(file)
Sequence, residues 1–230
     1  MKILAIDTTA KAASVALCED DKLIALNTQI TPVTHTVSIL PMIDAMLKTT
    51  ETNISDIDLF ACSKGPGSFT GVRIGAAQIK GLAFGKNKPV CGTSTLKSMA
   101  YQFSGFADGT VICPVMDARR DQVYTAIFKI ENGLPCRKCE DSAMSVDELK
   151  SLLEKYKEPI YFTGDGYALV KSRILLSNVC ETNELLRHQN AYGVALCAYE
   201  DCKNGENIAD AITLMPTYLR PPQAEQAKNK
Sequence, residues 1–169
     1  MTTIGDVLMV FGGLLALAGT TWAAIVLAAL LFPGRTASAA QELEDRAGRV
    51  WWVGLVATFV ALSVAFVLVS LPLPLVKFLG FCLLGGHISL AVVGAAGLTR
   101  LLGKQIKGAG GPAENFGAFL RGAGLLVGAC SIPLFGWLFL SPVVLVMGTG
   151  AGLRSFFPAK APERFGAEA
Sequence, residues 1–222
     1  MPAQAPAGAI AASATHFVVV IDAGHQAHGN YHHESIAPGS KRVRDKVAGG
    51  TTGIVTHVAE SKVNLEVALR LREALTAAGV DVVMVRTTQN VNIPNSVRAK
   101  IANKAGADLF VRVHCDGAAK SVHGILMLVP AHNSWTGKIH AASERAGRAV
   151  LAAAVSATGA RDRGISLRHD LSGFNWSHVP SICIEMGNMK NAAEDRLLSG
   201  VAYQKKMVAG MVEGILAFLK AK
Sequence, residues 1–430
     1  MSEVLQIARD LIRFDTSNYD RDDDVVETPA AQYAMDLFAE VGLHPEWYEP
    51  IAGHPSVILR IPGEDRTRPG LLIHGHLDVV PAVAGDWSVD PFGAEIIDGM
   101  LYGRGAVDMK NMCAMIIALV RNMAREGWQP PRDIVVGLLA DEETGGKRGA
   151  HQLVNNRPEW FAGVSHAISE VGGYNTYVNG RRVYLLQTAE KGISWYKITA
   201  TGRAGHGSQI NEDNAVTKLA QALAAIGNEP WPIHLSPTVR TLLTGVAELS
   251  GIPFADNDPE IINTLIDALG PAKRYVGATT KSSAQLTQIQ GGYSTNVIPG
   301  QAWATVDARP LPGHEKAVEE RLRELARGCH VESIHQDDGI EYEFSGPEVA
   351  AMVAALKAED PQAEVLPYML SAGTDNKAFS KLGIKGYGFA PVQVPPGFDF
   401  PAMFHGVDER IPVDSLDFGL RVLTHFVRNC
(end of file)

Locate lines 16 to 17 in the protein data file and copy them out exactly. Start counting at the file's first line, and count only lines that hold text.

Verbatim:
   151  LAAAVSATGA RDRGISLRHD LSGFNWSHVP SICIEMGNMK NAAEDRLLSG
   201  VAYQKKMVAG MVEGILAFLK AK